>> b) limiting the number of active concurrent queries
>> c) reducing response times for allocating a new connection
>> d) allowing management of connection routes to the database
>> (redirection, failover, etc.)
>
> I agree with you: for most Pg users (a) is really, really important. As
> you know, in PostgreSQL each connection maintains not only general
> connection state (GUC settings, etc) and if in a transaction,
> transaction state, but also a query executor (full backend). That gets
> nasty not only in memory use, but in impact on active query performance,
> as all those query executors have to participate in global signalling
> for lock management etc.
>
> So an in-server pool that solved (b) but not (a) would IMO not be
> particularly useful for the majority of users.
>
> That said, I don't think it follows that (a) cannot be solved in-core.
> How much architectural change would be required to do it efficiently
> enough, though...
>

a, b, and c can all be handled in core.  But that would be a radical re-architecture to do it right.  Postgres assumes
thatthe client connection, authentication, and query processing all happen in one place in one process on one thread.
Mostserver software built and designed today avoids that model in order to decouple its critical resources from the #
ofclient connections.  Most server software designed today tries to control its resources and not let the behavior of
clientsdictate resource usage. 

Even Apache HTTPD is undergoing a radical re-design so that it can handle more connections and more easily decouple
connectionsfrom concurrent processing to keep up with competitors. 

I'm not saying that Postgres core should change -- again thats a radical re-architecture.  But it should be recognized
thatit is not like most other server applications -- it can't control its resources very well and needs help to do so.
Fromusing a connection pool to manually setting work_mem differently for different clients or workloads, resource
managementis not what it does well.  It does a LOT of things very very well, just not that. 


> --
> Craig Ringer
>
> --
> Sent via pgsql-performance mailing list ()
> To make changes to your subscription:
> http://www.postgresql.org/mailpref/pgsql-performance


От:
Hannu Krosing
Дата:

On Sun, 2010-07-18 at 21:48 +0530, Rajesh Kumar Mallah wrote:
> Hi,
>
> Sorry, if posting here was not proper instead of starting new thread
> (I am really not sure if its bad thing to do)
>
> I would like to share my recent experience on implementation of
> client side pooling using  pgbouncer. By client side i mean that
> the the pgbouncer process in not on same machine as postgresql server.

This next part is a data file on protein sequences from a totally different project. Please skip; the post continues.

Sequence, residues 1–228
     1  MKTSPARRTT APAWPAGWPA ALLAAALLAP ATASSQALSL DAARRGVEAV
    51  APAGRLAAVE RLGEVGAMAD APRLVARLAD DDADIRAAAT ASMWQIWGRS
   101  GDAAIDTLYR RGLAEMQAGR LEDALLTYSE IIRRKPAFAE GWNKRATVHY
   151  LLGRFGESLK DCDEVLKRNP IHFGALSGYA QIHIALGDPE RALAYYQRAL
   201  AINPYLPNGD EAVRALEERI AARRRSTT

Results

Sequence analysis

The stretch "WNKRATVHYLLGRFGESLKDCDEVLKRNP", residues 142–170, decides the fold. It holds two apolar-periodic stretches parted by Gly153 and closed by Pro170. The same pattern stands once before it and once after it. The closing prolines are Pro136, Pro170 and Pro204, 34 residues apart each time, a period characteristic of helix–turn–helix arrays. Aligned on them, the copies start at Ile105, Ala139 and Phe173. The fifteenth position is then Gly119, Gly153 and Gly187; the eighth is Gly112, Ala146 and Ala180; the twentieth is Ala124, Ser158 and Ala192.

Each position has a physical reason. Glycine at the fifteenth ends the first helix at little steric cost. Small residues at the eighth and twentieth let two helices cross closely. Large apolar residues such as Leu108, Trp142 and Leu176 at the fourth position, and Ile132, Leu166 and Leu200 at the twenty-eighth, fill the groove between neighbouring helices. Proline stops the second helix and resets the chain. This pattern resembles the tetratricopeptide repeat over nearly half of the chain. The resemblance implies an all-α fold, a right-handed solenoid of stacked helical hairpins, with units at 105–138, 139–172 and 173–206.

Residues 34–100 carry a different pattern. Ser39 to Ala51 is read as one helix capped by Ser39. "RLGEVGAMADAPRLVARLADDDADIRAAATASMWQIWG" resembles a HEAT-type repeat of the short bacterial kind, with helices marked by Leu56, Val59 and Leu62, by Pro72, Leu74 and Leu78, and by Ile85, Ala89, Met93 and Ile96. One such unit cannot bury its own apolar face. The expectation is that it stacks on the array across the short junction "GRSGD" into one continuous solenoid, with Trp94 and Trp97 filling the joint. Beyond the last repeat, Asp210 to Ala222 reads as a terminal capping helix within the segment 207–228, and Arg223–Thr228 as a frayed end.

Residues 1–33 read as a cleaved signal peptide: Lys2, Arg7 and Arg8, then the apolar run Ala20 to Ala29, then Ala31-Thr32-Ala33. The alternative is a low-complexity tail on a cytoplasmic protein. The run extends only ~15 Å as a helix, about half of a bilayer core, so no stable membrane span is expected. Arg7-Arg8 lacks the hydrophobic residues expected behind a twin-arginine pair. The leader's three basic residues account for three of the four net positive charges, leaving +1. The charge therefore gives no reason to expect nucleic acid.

> In first trial pgbouncer and postgresql were in same machine &
> phbouncer
> was connecting to postgresql using unix domain sockets. But i shifted
> it
> laters owing to high CPU usage > 50%. ( using top)
> Now i have shifted pgbouncer into a virtual machine (openvz container)
> in the application server hardware

Why in VM (openvz container) ?

Did you also try it in the same OS as your appserver ?

Perhaps even connecting from appserver via unix seckets ?

> and all my applications on other virtual machines
> (web applications) connect to pgbouncer on this virtual machine.
>
> I tested the setup with pgbench in two scenarios
>
> 1. connecting to DB server directly
> 2. connecting to DB via pgbouncer
>
> the no of clients was 10 ( -c 10)  carrying out 10000 transactions
> each (-t 10000) .
> pgbench db was initilised with scaling  factor -s 100.
>
> since client count was less there was no queuing of requests in
> pgbouncer
> i would prefer to say  it was in 'passthrough' mode.
>
> the result was that
>
> 1. direct ~ 2000 tps
> 2. via pgbouncer ~ 1200 tps

Are you sure you are not measuring how much sunning pgbouncer slows down
pgbench directly, by competing for CPU resources and not by adding
latency to requests ?


>
----------------------------------------------------------------------------------------------------------------------------------------------
> Experience on deploying to production environment with real world
> load/usage pattern
>
----------------------------------------------------------------------------------------------------------------------------------------------
>
> Pgbouncer was put in same machine as postgresql connecting via unix
> domain
> to server and tcp sockets with clients.
>
> 1. There was drastic reduction in CPU loads  from  30 to 10 ldavg
> 2. There were no clients waiting, pool size was 150 and number of
> active
>     connections was 100-120.